Tips and tricks to coding Email Template

The best practices of designing and coding email templates. Following are the basic tips and tricks:

Keep it simple

Email campaigns should focus more on message, not the look and feel of email.  Just like it is with website, content will always be king. Though Email design is not always easy, but if you stick with a basic table layout and pretend that you’re designing an older web page, you should have a much greater degree of success. Try to maintain a higher text-to-image ratio, because email programs look for that and you don’t want your email to end up in spam due to too many images. They also look at the overall HTML character count, so try to limit the template to a few articles, and don’t throw in a bunch of span tags or spaces that just add unnecessary characters.

Use in-line styles

In-line styling is a must when it comes to designing HTML emails. Of course, adding external CSS is way more efficient and time-saving, but since there’s such limited support for that in the different email programs, styling your elements in-line is the best way ensure that your intended design will display correctly. If you want to see what types of CSS are currently supported in the popular email programs, take a look at the Email Standards Project website, as they have a comprehensive list of which CSS (Cascading Style Sheets) properties work reliably and which ones don’t. Bottom-line though – code your emails like you would an old webpage from the ’90s. This means using basic HTML tags and in-line styling.




Keep email width under 650 pixels

This ensures that users of email clients such as Outlook can view your email in their vertical preview pane. Hubspot’s default email templates are already within this max width, so feel free to duplicate one of those templates as a starting point.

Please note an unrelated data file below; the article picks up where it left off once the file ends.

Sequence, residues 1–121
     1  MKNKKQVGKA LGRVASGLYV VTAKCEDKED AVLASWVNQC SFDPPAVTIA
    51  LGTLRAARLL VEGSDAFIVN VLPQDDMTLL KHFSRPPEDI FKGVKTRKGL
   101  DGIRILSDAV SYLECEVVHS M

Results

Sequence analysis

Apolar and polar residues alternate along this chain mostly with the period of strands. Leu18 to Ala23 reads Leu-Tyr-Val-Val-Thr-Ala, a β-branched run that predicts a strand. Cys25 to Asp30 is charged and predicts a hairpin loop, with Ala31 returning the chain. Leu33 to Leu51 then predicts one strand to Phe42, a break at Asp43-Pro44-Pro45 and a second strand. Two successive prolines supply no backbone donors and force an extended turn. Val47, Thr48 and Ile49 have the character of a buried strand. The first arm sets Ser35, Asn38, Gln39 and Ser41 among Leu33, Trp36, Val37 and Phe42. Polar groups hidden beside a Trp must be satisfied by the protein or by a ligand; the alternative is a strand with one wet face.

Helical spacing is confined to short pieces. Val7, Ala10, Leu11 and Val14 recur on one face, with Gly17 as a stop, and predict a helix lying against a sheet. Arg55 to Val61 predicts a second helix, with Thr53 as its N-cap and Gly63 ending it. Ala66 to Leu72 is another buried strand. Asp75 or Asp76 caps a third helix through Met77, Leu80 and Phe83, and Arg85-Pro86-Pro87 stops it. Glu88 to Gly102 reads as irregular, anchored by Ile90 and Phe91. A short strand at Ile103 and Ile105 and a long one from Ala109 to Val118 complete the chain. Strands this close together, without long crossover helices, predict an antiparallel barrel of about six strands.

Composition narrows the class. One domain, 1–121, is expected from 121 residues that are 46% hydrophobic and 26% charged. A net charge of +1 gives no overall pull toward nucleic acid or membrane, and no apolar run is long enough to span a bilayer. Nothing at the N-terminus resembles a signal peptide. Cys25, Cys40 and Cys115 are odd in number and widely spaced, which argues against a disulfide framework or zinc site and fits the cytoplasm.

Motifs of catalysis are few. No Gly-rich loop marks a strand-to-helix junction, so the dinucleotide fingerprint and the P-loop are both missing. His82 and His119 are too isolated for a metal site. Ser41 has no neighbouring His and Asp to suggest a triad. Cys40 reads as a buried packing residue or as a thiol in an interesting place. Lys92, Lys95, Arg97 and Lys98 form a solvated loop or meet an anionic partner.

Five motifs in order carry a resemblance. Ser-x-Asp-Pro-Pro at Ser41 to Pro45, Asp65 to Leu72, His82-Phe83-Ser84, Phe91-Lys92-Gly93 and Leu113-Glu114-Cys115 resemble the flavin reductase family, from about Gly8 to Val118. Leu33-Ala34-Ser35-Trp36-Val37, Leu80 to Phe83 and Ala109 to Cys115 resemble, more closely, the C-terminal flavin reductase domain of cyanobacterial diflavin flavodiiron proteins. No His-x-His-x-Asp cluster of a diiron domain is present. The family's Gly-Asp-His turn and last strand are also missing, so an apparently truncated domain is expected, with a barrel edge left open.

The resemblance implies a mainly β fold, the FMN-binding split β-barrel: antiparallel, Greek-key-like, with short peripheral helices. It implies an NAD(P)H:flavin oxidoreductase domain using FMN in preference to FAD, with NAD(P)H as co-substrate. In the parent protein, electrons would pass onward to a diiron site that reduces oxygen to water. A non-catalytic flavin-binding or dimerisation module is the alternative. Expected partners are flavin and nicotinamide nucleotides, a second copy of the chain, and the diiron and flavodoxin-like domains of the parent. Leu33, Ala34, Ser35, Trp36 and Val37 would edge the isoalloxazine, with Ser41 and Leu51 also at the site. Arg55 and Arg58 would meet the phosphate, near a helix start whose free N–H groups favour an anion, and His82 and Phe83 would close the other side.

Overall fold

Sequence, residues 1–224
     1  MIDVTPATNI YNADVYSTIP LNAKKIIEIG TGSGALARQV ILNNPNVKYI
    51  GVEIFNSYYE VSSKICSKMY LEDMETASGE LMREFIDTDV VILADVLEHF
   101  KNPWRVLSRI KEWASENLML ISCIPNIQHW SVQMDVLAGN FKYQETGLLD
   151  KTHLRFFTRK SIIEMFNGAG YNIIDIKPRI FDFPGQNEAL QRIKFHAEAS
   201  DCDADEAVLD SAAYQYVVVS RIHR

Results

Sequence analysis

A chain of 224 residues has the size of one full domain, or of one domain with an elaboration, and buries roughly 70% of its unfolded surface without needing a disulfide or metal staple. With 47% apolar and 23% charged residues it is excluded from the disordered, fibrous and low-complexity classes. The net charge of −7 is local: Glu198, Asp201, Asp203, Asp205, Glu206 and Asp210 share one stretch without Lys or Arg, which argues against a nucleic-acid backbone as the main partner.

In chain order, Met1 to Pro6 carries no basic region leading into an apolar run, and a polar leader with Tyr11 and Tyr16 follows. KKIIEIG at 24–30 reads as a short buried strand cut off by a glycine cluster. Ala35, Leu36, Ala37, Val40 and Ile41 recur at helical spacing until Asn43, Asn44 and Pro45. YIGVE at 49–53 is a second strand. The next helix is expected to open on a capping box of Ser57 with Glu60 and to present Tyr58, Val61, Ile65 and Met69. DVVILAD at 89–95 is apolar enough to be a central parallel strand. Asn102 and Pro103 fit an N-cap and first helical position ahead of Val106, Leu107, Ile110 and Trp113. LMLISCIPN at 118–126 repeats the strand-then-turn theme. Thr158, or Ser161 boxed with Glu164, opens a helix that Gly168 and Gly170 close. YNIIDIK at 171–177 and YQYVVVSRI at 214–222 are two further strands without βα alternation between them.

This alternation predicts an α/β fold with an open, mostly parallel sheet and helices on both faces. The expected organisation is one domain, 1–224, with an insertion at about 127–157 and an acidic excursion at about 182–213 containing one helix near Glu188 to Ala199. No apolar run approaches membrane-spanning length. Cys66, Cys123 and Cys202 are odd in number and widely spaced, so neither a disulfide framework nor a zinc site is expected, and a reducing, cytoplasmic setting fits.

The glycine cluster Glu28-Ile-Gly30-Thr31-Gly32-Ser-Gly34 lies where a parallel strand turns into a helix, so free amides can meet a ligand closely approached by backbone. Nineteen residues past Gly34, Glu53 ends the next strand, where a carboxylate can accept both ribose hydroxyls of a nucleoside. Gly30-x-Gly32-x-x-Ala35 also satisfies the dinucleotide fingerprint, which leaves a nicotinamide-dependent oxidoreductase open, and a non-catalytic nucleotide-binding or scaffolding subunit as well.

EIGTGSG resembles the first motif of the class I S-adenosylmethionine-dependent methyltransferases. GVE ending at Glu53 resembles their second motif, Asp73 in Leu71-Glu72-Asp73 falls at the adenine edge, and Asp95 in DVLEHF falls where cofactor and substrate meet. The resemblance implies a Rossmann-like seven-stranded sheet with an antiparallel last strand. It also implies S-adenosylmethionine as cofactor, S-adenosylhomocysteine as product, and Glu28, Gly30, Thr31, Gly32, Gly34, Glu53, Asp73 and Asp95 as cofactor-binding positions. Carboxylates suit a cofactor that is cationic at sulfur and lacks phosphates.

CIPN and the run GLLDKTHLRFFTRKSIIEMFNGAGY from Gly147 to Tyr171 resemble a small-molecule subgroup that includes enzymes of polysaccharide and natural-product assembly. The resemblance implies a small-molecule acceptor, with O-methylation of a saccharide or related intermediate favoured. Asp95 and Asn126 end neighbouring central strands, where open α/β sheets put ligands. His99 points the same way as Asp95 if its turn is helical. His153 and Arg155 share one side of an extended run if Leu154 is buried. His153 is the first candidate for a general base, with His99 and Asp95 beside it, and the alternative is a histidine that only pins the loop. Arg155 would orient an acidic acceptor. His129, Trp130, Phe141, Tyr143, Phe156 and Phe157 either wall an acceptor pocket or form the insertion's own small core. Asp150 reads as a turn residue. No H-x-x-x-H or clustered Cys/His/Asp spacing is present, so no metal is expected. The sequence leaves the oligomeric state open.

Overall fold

Abide by CAN-SPAM rules
You must include an unsubscribe option in every email, as well as your company name and address. In HubSpot, you cannot save an email template unless it includes this element.

Use code-friendly software
When editng your template code, use software like Sublime Text 2, Dreamweaver, or Notepad, or even HubSpot’s email template creator. Word and other WYSIWYG editors typically add extra code that will cause your email to display poorly in certain email clients.

Design with tables
While it’s no longer best practices to design web pages with tables, they’re essential when designing emails. It’s the only way to have your design render correctly across multiple email clients.

Avoid complex colspans and rowspans
These will make revisions a nightmare as you try to reuse templates. Use these very sparingly, and never together on the same table unless you know that the content itself will be consistent in future emails.

Avoid body attributes
Some email clients ignore body attributes. If, for example, you want to make your email background blue, use a 100% width table with a blue background and next your content in the table.

Avoid CSS shorthand

  • An example of CSS shorthand: <p style=”font: italic 14px Verdana; color: #000”></p>

  • An example of correct CSS:  <p style=”font-style: italic; font-size: 14px; font-family: Verdana; color: #000000”></p>

Avoid external or internal CSS classes or IDs
Anything that starts with <style> will have mixed results across email clients. Instead, use inline CSS.

Avoid Javascript or other dynamic scripts
Even if a SPAM filter allows your email through, most email clients will not allow these scripts to function.

Avoid Flash or video embeds
The ability to view rich media in email is turned off by default in most email clients. Instead, include an image of your video player (with a play button) that links to the rich media on a website page.

Use plain text-style bullet points
In addition to images, another element that tends to break in HTML email renderings are HTML-style bullets. To avoid the recipient seeing invisible or wonky bullets, use a plain text alternative such as asterisks (*) or dashes (—) that are more likely to show up no matter what.

Use Hotmail glitch fix
If you want to center an email on a solid colored background, Hotmail will not render this properly unless you include the following code:

.ReadMsgBody {width: 100%}
.ExternalClass {width: 100%}

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